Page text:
Should public union members decide to “walk-off” the job, stage a “sick-in” or otherwise express their unwillingness to help out, with a continuing 13% unemployment in Clark County and nearly 10% statewide, I am sure we would have no problem finding someone willing to fill their positions.

4 comments:

Nick Rowe said...

Teachers in Fremont, CA rejected a $20 per week pay cut which forced the district to lay of 75 people.

Unions are all about preserving the coerced pay and benefits for the senior members at the expense of junior members, non-union workers, employers, and customers.

We all admire and respect police officers and fire fighters, which is why they've been so successful at gaining unsustainably high benefits. Members of the military retire after 20 years at only 50% of base pay. Most firefighters and police do far better than that. They also spike their pensions with overtime, and cash in unlimited amounts of sick leave and unused vacation. Soldiers, on the other hand, must use or lose any leave above 60 days at the end of the fiscal year, and can cash in only 90 days worth of leave in their entire careers.

The "folks who brought you the weekend" really didn't bring their members weekends, evenings, and holidays off to preserve workers' dignity, sanity, health, and family. What they did bring them is time-and-a-half or double-time for overtime worked.

Every 40 hours of overtime worked is a full-time job, with benefits, that someone is not getting. In the short-run, the cost of overtime is justified by saving administrative costs. But when overtime becomes routine, it is a needless cost at the expense of people seeking work.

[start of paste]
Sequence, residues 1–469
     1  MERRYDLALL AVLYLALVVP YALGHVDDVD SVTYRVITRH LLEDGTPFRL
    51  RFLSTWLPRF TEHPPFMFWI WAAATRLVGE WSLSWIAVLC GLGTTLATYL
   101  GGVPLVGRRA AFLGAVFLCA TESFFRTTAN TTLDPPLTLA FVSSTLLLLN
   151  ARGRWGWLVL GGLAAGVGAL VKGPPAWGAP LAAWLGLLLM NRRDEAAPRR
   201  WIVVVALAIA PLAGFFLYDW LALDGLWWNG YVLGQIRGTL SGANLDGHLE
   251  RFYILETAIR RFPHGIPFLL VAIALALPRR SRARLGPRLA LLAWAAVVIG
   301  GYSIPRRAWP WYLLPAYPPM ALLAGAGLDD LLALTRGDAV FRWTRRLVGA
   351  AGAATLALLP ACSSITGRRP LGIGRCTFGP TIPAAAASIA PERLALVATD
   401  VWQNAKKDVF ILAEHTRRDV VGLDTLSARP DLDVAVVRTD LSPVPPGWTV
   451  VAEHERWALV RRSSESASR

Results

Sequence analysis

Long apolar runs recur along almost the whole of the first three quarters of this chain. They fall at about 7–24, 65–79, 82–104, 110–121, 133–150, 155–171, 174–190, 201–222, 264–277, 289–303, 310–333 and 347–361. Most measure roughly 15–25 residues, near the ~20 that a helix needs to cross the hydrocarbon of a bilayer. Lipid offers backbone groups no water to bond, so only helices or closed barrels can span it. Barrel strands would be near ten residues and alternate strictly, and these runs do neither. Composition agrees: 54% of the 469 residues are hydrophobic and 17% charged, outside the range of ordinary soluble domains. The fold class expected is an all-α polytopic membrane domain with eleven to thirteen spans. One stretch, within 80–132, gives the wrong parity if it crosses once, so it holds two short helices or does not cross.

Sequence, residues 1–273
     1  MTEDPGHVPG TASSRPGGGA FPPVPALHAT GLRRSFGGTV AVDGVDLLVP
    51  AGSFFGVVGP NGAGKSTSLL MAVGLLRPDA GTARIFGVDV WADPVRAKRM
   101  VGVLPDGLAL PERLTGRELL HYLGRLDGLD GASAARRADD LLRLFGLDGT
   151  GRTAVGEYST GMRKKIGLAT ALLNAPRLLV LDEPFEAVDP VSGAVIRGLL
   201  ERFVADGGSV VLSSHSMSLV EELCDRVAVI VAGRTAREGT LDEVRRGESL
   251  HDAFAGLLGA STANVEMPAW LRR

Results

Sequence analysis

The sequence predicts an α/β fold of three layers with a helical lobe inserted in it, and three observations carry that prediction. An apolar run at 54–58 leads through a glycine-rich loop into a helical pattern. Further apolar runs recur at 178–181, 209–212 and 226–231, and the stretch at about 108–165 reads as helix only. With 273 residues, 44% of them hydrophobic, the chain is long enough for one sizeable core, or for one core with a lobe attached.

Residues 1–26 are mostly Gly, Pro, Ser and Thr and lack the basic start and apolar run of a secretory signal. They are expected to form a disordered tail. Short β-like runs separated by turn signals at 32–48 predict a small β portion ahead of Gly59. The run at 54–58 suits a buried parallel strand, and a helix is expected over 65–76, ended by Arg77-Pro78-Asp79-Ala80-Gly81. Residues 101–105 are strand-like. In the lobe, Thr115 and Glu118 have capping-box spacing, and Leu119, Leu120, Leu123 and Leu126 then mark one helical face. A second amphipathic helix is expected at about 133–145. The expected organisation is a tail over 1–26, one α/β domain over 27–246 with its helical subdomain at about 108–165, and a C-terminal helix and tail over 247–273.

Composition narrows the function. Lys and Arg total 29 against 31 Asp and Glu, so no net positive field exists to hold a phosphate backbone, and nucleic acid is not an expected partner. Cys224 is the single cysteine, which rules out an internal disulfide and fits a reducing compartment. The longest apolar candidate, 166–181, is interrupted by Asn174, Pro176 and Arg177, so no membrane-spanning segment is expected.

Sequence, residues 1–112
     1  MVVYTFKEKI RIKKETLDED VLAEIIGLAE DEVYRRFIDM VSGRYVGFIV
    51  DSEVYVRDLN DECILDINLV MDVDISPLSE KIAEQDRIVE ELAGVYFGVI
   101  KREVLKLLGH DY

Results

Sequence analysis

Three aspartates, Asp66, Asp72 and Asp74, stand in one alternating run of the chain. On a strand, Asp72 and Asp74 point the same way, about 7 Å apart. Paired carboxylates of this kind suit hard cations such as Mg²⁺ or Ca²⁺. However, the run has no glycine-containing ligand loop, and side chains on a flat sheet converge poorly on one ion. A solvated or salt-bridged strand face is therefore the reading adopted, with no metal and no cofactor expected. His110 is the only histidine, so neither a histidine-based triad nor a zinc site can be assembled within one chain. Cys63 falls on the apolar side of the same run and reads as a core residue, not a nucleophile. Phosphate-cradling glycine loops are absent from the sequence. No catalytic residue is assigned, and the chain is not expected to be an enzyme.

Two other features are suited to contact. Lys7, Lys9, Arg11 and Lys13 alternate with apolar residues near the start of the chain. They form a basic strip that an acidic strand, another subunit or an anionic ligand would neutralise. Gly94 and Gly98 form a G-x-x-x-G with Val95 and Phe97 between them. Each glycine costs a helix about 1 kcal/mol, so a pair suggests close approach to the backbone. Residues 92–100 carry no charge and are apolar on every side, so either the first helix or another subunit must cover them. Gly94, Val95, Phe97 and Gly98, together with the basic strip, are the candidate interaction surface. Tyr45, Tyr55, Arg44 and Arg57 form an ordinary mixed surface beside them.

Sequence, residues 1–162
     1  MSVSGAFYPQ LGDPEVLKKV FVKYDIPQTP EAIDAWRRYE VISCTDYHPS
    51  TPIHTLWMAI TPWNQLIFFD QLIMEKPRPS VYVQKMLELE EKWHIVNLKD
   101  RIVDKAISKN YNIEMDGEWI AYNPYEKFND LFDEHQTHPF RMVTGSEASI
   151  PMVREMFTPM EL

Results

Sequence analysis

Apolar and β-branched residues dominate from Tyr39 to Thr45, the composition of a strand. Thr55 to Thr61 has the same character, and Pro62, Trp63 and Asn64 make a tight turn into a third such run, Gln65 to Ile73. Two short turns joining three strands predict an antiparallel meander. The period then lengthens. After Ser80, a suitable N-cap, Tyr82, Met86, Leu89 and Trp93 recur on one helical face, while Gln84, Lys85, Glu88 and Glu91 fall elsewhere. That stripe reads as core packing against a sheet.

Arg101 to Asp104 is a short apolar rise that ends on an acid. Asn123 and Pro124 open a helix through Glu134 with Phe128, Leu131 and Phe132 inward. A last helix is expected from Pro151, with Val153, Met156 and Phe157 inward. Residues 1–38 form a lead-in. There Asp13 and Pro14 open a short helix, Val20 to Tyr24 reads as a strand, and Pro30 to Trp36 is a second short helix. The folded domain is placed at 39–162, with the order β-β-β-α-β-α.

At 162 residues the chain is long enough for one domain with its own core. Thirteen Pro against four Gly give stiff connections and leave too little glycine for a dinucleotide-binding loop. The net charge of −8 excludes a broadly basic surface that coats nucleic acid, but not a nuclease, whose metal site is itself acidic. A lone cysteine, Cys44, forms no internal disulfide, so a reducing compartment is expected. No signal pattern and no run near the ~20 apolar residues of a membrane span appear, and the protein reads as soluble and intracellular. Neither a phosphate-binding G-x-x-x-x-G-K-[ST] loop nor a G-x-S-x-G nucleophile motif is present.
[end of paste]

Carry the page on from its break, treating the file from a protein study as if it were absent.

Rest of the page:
Lew Waters said...

Then too, Nick, I don't recall a whole lot of paid holidays off in Viet Nam.

Sure, we had a Christmas "stand-down," but even then we doubled the guards because we knew Charlie didn't "stand-down."

Unions, especially public unions, have become greedier than any CEO I know of and with all of the dues paid, members have no say in how they are dispersed or what political cause (party) they go to support.

Nick Rowe said...

Public sector unions were illegal, I believe, until John Kennedy allowed them.

You are quite correct that private sector union membership is on the decline while public sector unions account for almost all the growth.

There are many economic reasons to oppose private sector labor unions. They achieve higher wages for their workers at the expense of shareholder profits, suppliers of capital, higher customer prices, and lower output. The higher wages also reduce employment in the union sector. These people get jobs in the non-union sector, lowering wages there.

In other words, unions help themselves at the expense of everyone else.

But they don't even help themselves. At the first downturn, the junior workers get laid off first. Their high wages remove incentives to gain human capital which increases their job flexibility.

Public sector unions are worse. In the private sector, at least you have profit-maximizing management and shareholders pushing back. In the public sector, you've got politicians who are not spending their own money. When the unions vote for the politicians in a block, it helps to overcome any token resistance the politicians get from rising deficits. By the time the entitlements become unsustainable, it's too late for the public to roll it back by electing new representatives.

The SEIU is the most militant, radical, leftist union in the country. They are almost constantly on strike somewhere.

Lew Waters said...

As we have seen, if the SEIU isn't on strike, they are beating up someone who disagrees with them.